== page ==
Well, I've been an avid pinball fan pretty much all of my life. The first place I ever played pinball was at a pizza shop near my house. My mom always worked late on Tuesday nights, so Dad and I would make Tuesday nights Pizza Night. I'd always get two slices and a small soda. Dad got the same, but with pepperoni, the daily newspaper, and a dollar in quarters. The newspaper was for him and the quarters were for me. While I played my 3 games for a dollar on Funhouse or Addams Family, Dad passed the time by reading the paper.
We had two malls near us, and both featured the well known “Boardwalk Boulevard” arcades. The one arcade always had five pins, and I can still remember the lineup from left to right: Funhouse, WH2O, Comet, T2, and FT. I never cared about T2 or FT. The other mall always had a changing lineup. Sometimes there would be four, and other times there would be ten. Some of the titles included IJ, TZ, FT, FH, WH2O, Heavy Metal Meltdown, Millionaire, Fire, and Big Guns. I always liked going to this arcade because I never knew what surprises were in store!
Saturdays in the fall were always a treat because my family had season tickets to the Penn State football games. Now, most kids would be excited for the game, but all I cared about was the lineup of festivities that followed. After the game we went “downtown” for dinner, and while my mom and her friends went shopping, the dads took us to the arcades! This was when pinball in State College was in its prime. There were easily 50 games between the two arcades, and each game was only a quarter! Unfortunately, by the time I was attending college at Penn State these arcades were a thing of the past. I can only imagine how many classes I would have skipped and how much money I would have gone through if the arcades were still operating while I lived out there. (Maybe it was best for my college career that they arcades had closed.)
The other winning location that lit up any child’s eyes was the much anticipated trip to Knoebels, a very popular amusement park in the area. The rides, the food, and yes…the arcade! Every year the four game pinball lineup would change, but every year it was great! TOM has been there for as long as I can remember (I would have been 10 when it was released), AFM was a regular returning candidate, and other titles included STTNG, NBAFB, MM, and SS to name a few. The later years of Knoebels, the Stern era I suppose you could call it, brought the same titles each year as the pinball fad continued to drop. The lineup included TOM, Monopoly, and Nascar for a couple years before LOTR and POTC were later introduced and replaced the other Sterns.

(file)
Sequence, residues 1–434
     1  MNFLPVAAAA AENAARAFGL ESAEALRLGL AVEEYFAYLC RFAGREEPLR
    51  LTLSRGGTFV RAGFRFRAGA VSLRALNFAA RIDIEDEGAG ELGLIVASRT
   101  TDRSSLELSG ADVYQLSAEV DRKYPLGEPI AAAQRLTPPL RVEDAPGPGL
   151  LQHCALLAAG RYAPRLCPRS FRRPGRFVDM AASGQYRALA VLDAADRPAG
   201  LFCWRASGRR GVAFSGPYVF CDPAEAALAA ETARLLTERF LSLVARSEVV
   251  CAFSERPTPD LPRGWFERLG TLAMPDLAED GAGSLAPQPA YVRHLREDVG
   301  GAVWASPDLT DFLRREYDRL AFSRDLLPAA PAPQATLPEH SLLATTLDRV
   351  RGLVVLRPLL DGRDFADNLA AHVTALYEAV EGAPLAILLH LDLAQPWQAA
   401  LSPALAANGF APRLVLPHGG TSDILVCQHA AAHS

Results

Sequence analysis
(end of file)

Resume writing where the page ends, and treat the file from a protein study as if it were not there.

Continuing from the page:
My first “home” pinball experience was the purchase of a Rollergames by one of my friends when we were in 10th grade. My own first pinball machine was Gottlieb’s “Drop A Card” that a neighbor gave me for $5 because he was going to throw it away (I was probably 16 at the time). My friend (who is also an avid pinball player) and I fixed it up and added it next to Rollergames (my mom wouldn’t let me have any pins in the house because there was “no room”, so Drop A Card stayed with Rollergames). Throughout the years money was saved and trades were made, and today Rollergames and Drop A Card have turned into BOP, The Shadow, BF, and TWD.
As avid pinball fans, we visited Knoebels many times during the summer to play the pins, and many times inquired about purchasing a game. There was no interest in selling, but our enthusiasm for the hobby certainly paid off. Knowing that we had knowledge about the games, the owners asked us to work on TOM, which had been giving them a lot of headaches. This opened the door to a whole new chapter, and over the years we have been able to bring the pinball lineup back to what it was during our childhood. We now work on pretty much all of the games in the arcade, but we always give extra attention to the pins. The park now has 6 pins, and we try to make at least some type of change to the lineup each season. It’s always great to see people coming in to play the pins, but the real winner is seeing those dads bring in their kids…it really brings it home.